Safeguarding Yours from the Modern Cult of Experts by Terrell Clemmons

. . . "Religious upbringing linked to less altruism," announced ScienceDaily. "Children from nonreligious homes are more generous, altruistic than observant ones," trumpeted Newsday. And the UK Guardian's header bordered on the childish: "Religious children are meaner than their secular counterparts." Science Codex at least showed enough restraint to headline its report in the form of a question, "Does religion make kids less generous?" Well, does it? Science said it. Does that settle it? Of course it doesn't. As apologist Frank Turek says, science doesn't say anything. Scientists do. And because scientists, science writers, and mainstream journalists are all fallible human beings, a level-headed response calls for some critical thinking every time a new finding is being heralded in the name of science. . . . ►►►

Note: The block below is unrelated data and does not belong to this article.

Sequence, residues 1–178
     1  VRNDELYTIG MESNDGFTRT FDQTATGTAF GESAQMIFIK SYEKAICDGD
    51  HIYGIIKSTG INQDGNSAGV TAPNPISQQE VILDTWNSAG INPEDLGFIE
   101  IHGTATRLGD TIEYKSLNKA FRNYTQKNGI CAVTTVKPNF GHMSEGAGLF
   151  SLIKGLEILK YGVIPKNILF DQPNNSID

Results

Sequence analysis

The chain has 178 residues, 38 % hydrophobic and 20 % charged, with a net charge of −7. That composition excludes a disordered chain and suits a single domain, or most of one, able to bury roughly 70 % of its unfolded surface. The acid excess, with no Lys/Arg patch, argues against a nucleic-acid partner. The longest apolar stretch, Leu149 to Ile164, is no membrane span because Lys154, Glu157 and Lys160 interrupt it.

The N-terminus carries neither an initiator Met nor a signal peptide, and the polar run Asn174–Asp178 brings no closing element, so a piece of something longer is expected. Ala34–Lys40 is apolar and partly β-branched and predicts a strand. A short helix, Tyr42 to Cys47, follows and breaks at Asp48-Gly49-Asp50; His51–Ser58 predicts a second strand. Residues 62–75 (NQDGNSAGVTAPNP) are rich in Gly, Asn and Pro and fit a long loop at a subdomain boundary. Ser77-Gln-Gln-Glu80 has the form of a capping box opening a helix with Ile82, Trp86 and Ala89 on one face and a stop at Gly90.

Department: Logistics | Salvo 42

God & the Gaps

A Response to Data-Free Models for Origins by Hugh Ross

. . . By resting their case for nonbelief on Christians' inability to refute every imaginable non-empirical (non-evidence-based) hypothesis for our universe and life, some nontheists present us with an impossible challenge. What they demand would require complete knowledge not only of the physical universe but also of everything that could conceivably exist beyond the universe. The problem here is obvious. Given that our powers of investigation are constrained by the space-time dimensions of the cosmos, no human mind nor any device created by human minds can ever assemble a complete database cataloging all the properties of the universe, let alone what lies beyond. Our inability to ever gain absolute proof, however, does not mean that we cannot access adequate practical validation of the need for a Creator. . . . ►►►